Scientific research is a critical tool for successfully navigating our complex world. Without it, we would be forced to rely solely on intuition, other people’s authority, and blind luck.

If oxygen is available, aerobic respiration will go forward. In eukaryotic cells, the pyruvate molecules produced at the end of glycolysis are transported into mitochondria. There, pyruvate will be transformed into an acetyl group that will be picked up and activated by a carrier compound called coenzyme A (CoA).

The serratus posticus superior muscle (lat: Serratus posticus superior) - named from its saw-like edge and its relation to the other serrati - is a quadrilateral sheet with a toothed outer margin.

Sexual reproduction was an early evolutionary innovation after the appearance of eukaryotic cells. It appears to have been very successful because most eukaryotes are able to reproduce sexually, and in many animals, it is the only mode of reproduction.

The skull, when viewed from above, presents an oval outline; the posterior part is broader than the anterior. The bones seen in this view are the frontal, parietals and the interparietal portion of the occipital. In a skull of average width the zygomata come into view, but in very broad skulls they are obscured.

Cell signaling allows bacteria to respond to environmental cues, such as nutrient levels and quorum sensing (cell density). Yeasts are eukaryotes (fungi), and the components and processes found in yeast signals are similar to those of cell-surface receptor signals in multicellular organisms. For example, budding yeasts often release mating factors that enable them to participate in a process that is similar to sexual reproduction.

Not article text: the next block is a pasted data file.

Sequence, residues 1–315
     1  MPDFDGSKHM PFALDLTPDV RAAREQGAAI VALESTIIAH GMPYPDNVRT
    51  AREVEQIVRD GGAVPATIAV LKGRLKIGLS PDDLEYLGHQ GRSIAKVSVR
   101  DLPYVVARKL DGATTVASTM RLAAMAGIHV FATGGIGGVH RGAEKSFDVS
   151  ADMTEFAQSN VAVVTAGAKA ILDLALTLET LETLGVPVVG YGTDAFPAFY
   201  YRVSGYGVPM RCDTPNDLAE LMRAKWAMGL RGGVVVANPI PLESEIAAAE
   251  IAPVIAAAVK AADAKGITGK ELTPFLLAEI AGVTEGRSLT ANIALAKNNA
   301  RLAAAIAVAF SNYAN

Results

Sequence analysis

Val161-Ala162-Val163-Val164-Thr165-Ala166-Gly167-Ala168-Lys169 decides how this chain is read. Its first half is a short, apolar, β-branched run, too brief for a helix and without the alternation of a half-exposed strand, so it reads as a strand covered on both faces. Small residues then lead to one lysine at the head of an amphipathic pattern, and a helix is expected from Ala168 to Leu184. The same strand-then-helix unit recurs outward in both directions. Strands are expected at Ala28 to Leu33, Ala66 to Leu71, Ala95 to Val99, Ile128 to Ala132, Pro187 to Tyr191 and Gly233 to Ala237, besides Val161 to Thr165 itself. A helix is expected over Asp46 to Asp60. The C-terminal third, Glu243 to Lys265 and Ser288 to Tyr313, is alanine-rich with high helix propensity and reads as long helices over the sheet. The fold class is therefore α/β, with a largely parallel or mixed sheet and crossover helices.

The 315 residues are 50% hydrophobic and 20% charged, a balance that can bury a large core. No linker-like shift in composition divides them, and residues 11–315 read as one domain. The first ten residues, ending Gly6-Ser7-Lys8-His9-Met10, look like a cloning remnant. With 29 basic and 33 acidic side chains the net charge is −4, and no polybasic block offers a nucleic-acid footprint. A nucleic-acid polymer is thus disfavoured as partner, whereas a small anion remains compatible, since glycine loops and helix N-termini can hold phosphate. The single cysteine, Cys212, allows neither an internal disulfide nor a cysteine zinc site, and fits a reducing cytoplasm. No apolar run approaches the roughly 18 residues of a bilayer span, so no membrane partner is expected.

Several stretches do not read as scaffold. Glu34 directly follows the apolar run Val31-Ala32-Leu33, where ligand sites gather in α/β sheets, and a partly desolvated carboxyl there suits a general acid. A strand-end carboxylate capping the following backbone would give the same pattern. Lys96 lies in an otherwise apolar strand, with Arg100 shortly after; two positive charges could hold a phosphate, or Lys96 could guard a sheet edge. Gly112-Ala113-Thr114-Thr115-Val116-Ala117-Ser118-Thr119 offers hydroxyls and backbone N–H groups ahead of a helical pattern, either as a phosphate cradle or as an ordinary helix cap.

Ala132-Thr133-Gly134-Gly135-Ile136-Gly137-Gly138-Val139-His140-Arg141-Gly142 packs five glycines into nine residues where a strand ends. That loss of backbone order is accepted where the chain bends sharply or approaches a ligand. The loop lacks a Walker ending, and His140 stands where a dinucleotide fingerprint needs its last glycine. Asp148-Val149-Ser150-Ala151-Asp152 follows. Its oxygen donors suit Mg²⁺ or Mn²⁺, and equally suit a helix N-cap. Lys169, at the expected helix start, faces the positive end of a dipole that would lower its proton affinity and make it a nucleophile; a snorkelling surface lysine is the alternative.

Eukaryotic genomes are much more complex and larger in size than prokaryotic genomes. The human genome has three billion base pairs per haploid set of chromosomes, and 6 billion base pairs are replicated during the S phase of the cell cycle. There are multiple origins of replication on the eukaryotic chromosome; humans can have up to 100,000 origins of replication.

We spend approximately one-third of our lives sleeping. Given the average life expectancy for U.S. citizens falls between 73 and 79 years old (Singh & Siahpush, 2006), we can expect to spend approximately 25 years of our lives sleeping. Some animals never sleep (e.g., several fish and amphibian species); other animals can go extended periods of time without sleep and without apparent negative consequences (e.g., dolphins); yet some animals (e.g., rats) die after two weeks of sleep deprivation (Siegel, 2008). Why do we devote so much time to sleeping? Is it absolutely essential that we sleep? This section will consider these questions and explore various explanations for why we sleep.

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